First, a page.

With the help of a $150,000 recreation trail grant, Jefferson City hopes to extend trail access points for cyclists and pedestrians across the city next fall.
Grant recipients will be notified in mid-summer. If awarded, it would allow the city to stripe bike lanes on Miller Street to connect the Wears Creek Greenway on the west side of town with Community Park near Lincoln University — ultimately creating an access point to the MKT Trail.
The Miller Street bike lanes would close an existing gap between the greenways.
City Engineer David Bange said factors that may increase the city's chances of getting the grant include the city's prior efforts to develop bicycle/pedestrian plans and the amount of public interest in connecting the greenways.
Last year, roughly 11,000 people used the Wears Creek Greenway along Edgewood in a month's time, according to Jefferson City Parks and Recreation data. The same report indicates 5,000-6,000 people use the pathways near Washington Park on a monthly basis.
Bange emphasized the project would capitalize on the opportunity to connect the pathways to the MKT Trail, which extends 237 miles across the state.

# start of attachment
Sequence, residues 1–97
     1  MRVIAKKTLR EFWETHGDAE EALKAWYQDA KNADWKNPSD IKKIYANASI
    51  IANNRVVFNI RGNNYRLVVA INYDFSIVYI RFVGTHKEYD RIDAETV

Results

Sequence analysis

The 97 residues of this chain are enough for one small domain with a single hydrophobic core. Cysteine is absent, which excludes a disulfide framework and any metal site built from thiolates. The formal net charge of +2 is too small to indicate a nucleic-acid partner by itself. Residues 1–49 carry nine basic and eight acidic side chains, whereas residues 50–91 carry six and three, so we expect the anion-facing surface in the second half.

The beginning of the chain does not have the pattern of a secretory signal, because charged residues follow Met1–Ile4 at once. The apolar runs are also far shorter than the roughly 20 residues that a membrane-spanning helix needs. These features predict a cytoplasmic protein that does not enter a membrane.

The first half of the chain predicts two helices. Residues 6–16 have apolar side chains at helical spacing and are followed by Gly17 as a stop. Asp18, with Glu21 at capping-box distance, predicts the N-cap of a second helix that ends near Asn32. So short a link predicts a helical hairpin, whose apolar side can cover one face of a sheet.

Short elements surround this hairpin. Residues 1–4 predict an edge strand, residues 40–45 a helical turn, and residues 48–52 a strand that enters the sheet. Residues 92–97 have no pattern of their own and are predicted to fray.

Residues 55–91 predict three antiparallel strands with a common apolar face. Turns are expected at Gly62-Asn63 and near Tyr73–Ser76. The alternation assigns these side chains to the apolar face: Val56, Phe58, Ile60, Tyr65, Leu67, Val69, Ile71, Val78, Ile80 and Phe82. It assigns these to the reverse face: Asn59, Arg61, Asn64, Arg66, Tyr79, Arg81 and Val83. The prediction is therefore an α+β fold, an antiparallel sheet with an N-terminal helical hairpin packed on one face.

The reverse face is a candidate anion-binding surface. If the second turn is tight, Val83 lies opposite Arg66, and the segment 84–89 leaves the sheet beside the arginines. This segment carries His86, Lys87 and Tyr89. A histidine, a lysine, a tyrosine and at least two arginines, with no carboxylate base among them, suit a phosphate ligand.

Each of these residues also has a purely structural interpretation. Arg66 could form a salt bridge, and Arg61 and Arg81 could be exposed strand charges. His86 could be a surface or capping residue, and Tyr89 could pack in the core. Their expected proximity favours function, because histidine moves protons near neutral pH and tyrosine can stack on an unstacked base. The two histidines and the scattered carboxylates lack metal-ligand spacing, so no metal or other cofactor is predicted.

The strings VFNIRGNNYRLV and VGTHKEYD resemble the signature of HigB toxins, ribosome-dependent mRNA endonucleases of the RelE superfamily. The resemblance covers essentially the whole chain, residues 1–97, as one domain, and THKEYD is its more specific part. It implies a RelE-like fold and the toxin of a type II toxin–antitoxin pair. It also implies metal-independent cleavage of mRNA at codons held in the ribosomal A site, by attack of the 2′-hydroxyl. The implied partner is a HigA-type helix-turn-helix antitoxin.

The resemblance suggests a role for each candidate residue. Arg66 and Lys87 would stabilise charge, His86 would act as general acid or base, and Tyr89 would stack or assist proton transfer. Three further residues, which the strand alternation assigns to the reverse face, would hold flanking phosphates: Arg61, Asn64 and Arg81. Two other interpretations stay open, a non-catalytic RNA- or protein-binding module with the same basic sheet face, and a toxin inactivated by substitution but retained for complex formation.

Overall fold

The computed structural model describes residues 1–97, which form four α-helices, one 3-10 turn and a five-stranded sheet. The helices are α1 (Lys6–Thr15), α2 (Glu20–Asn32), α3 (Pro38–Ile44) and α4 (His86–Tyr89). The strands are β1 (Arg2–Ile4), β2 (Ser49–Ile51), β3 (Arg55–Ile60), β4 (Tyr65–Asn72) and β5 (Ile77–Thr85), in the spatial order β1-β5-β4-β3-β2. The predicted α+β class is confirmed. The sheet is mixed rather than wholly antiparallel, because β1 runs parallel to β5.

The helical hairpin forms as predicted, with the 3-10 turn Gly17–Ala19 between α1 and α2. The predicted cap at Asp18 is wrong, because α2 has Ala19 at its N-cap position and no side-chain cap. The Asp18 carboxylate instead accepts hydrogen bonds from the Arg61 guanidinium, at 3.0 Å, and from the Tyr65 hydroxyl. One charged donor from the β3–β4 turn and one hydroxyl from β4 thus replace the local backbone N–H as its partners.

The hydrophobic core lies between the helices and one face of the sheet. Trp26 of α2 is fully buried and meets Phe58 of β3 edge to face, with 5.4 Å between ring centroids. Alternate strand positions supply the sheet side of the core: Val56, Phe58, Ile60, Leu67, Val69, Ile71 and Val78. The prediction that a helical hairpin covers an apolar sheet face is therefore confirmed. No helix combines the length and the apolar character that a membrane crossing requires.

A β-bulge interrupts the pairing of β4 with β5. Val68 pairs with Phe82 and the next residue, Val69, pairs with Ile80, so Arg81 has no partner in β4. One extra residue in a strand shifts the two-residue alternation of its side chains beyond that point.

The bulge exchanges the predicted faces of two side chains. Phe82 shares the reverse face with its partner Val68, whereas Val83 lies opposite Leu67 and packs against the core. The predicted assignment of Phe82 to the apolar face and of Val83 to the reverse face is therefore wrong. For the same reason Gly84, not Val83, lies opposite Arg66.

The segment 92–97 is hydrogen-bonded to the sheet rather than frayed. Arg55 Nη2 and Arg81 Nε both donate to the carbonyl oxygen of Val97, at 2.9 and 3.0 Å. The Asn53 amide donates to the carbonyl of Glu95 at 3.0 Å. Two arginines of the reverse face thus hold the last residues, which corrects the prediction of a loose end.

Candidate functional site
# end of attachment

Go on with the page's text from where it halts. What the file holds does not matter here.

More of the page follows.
Ashley Varner, Healthy Schools Health Communities coordinator at Capital Region Medical Center, has been one of the city's key partners in emphasizing the need for more options for physical activity.
Varner said this would be a great opportunity to support and promote cycling for all ages.
"You could walk or run on the greenways, but we are most interested in getting more cyclists out on the greenways," Varner said.
A lot of adults may be hesitant to get back on a bike, she said, but Varner is prepared to host educational segments discussing how to use bike lanes and overall bicycle safety.
In addition to the greenway extension project, the city plans to add bike racks around the city this summer, placing four near the intersection of East Capitol and Jackson streets and two near the Jackson Street bus stop, as well as bike lanes from the Capitol all the way to Chestnut Street.
"Our hope is that the area along Capitol Avenue develops into a pedestrian/bike-friendly area," Bange said. "With the revitalization of the buildings, it could kind of be a model of how other places could support the cyclist/pedestrian atmosphere."